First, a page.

Thousands of Puerto Ricans marched through Midtown Manhattan waving Puerto Rican flags of all sizes. Admittedly, I wasn’t there, but growing up in Humboldt Park, I know with certainty that the atmosphere was thick with puertorriqueñidad.
The Puerto Rican Pride Parade (as it’s known) has been an annual feature in N.Y.C. since 1958 – a harmless fact for the uninitiated in Puerto Rican history.
Nineteen fifty-eight was the year after the infamous Ley del La Mordaza was repealed. Referred to in English as “the Gag Law,” it placed a ban on all displays of the Puerto Rican flag, any patriotic music and any talk of the island’s controversial political status.
Yet, even before the Gag Law was enacted in 1948, the “Star and Stripes” was already a subversive banner. The flag was first introduced in the 1890s by the Revolutionary Committee of Puerto Rico, a group of patriotas led by Ramón Emeterio Betances (among others) who fought for separation from Spain (the same group that organized the Grito de Lares rebellion in 1868.)
After U.S. troops invaded the island in 1898 and installed a colonial government, federal law prohibited all flags except the flag of the United States. For the next 50 years, the Puerto Rican flag would be displayed at pro-independence gatherings as a show of defiance against U.S. control of the island. It became a rebel banner for the militant, pro-independence Nationalist Party led by Don Pedro Albizu Campos.
When the Puerto Rican Constitution was ratified in 1952, Gov. Luis Muñoz Marín adopted the flag as the official banner of the newly-created Commonwealth of Puerto Rico. As historian Nancy Morris wrote in 1995:
“The official adoption of ‘the old separatist flag’ has been interpreted by some as a ploy by Muñoz Marín to ‘neutralize the independentistas in his own party.’ The Independence Party itself, with which the flag had been associated, accused the Puerto Rican government of ‘corrupting beloved symbols’ and ordered that the flag be flown at half-mast for two days … in protest of the new commonwealth arrangement and the ‘captive’ flag.”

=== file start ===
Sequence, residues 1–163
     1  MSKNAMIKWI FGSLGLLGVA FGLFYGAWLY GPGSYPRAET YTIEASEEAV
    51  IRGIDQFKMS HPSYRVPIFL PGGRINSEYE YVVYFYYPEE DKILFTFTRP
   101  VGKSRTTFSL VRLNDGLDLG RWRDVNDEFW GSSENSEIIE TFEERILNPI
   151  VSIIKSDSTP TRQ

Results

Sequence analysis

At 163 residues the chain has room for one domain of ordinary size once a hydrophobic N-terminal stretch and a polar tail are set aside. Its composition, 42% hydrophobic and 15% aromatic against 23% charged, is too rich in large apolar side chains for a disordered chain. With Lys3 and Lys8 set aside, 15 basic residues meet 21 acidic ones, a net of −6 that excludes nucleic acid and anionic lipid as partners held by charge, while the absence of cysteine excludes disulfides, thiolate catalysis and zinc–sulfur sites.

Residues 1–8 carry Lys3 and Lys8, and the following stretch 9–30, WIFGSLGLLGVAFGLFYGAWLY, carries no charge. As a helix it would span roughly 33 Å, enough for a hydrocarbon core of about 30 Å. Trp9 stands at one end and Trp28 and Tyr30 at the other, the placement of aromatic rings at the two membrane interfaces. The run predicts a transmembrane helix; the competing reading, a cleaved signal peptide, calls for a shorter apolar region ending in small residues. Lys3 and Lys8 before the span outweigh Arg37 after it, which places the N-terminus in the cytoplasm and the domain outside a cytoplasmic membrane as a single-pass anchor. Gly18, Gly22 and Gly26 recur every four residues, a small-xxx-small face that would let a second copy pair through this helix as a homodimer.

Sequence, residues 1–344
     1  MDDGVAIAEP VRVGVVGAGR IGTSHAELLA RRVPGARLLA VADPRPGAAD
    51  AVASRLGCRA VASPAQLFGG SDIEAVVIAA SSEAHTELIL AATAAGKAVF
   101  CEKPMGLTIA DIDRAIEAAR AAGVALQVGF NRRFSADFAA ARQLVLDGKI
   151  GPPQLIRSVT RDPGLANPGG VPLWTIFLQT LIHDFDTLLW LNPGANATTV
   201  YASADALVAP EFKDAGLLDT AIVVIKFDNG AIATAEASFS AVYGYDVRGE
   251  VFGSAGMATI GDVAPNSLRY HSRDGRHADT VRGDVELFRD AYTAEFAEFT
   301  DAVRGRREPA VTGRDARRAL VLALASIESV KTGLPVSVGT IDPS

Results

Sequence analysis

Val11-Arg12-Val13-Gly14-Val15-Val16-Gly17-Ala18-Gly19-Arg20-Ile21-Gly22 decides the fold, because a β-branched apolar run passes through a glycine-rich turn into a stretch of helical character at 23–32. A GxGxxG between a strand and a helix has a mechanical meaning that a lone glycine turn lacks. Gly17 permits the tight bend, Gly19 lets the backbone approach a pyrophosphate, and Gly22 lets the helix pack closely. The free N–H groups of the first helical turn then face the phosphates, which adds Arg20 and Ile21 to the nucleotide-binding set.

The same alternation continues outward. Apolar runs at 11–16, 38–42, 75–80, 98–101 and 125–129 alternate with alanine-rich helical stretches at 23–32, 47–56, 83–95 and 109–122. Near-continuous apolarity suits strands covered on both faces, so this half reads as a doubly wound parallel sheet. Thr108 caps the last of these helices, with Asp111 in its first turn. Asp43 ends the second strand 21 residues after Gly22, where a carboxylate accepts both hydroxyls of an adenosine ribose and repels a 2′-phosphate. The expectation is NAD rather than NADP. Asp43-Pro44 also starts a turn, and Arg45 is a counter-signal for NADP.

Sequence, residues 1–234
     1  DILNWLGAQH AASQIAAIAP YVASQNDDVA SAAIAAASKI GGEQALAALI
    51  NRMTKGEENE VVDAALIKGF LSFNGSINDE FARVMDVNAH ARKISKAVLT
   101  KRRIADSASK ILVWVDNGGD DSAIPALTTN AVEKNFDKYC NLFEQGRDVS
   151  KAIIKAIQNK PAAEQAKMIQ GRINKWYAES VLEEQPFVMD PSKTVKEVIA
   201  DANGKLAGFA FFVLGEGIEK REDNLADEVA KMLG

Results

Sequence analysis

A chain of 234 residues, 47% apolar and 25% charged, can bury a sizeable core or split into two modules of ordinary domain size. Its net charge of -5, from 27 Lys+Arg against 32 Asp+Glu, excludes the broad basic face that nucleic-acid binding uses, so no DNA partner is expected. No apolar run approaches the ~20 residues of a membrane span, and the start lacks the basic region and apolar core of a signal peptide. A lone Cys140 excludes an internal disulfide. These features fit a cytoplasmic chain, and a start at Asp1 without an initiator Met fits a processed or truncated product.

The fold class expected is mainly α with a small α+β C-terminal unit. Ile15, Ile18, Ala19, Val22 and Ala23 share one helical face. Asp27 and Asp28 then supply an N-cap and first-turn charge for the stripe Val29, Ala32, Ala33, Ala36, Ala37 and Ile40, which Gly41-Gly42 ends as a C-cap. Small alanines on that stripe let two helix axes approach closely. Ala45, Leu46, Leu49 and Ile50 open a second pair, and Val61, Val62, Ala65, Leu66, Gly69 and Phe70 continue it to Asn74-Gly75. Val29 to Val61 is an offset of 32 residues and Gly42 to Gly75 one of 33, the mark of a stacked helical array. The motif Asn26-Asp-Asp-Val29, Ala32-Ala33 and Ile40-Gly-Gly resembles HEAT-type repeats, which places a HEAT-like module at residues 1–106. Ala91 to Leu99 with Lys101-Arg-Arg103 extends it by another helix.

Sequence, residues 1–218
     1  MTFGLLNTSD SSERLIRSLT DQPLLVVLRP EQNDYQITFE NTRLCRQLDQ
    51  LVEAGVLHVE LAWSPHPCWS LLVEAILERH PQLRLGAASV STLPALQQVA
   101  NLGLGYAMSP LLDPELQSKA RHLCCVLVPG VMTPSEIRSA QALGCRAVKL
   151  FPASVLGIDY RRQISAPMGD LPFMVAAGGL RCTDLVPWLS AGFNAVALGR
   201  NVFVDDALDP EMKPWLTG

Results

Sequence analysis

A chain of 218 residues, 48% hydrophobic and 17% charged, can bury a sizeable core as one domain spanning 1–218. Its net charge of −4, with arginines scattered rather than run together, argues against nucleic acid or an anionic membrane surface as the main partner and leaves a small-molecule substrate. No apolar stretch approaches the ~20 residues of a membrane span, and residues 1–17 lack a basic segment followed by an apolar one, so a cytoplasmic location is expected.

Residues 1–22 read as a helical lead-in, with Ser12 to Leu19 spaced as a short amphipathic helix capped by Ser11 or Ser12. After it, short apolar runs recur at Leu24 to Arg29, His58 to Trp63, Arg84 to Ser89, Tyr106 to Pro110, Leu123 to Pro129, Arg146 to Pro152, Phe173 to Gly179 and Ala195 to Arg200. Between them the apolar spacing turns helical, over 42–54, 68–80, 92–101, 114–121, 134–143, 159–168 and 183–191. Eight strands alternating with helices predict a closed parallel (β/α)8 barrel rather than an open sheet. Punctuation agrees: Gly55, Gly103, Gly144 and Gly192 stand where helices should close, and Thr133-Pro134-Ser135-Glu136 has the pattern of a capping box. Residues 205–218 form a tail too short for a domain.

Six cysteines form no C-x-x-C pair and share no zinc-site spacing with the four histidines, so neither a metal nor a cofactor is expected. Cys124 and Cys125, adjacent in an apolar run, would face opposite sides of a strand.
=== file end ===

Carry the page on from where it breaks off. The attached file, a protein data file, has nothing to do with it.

To see the beloved banner of their revolution co-opted by the colonial government must’ve been unbearable for the men and women who dedicated their lives to Puerto Rican independence – people like Nationalist leader Lolita Lebrón, who in 1954 shouted “¡Viva Puerto Rico libre!” while unfurling the flag in the U.S. House of Representatives, before she opened fire.
I am an American of Puerto Rican descent on my father’s side, and as such, the history of Puerto Rico and its current political status makes me less proud to be an American and a Puerto Rican. How can I be proud of a government that claims to be the shining light of democracy in the world and yet has imposed an undemocratic government on a people for over a century? And how can I be proud of an island that has been no more than a piece of someone else’s property for over 500 years?
That’s why I say with regret that there’s no such thing as Puerto Rican pride, because property isn’t proud – nor is the slave, who is bought and sold like a hat.
As a Puerto Rican, I can’t even look at the Puerto Rican flag without feeling anything but deep sadness. As an American, I wave it in defiance against all colonial governments, including my own.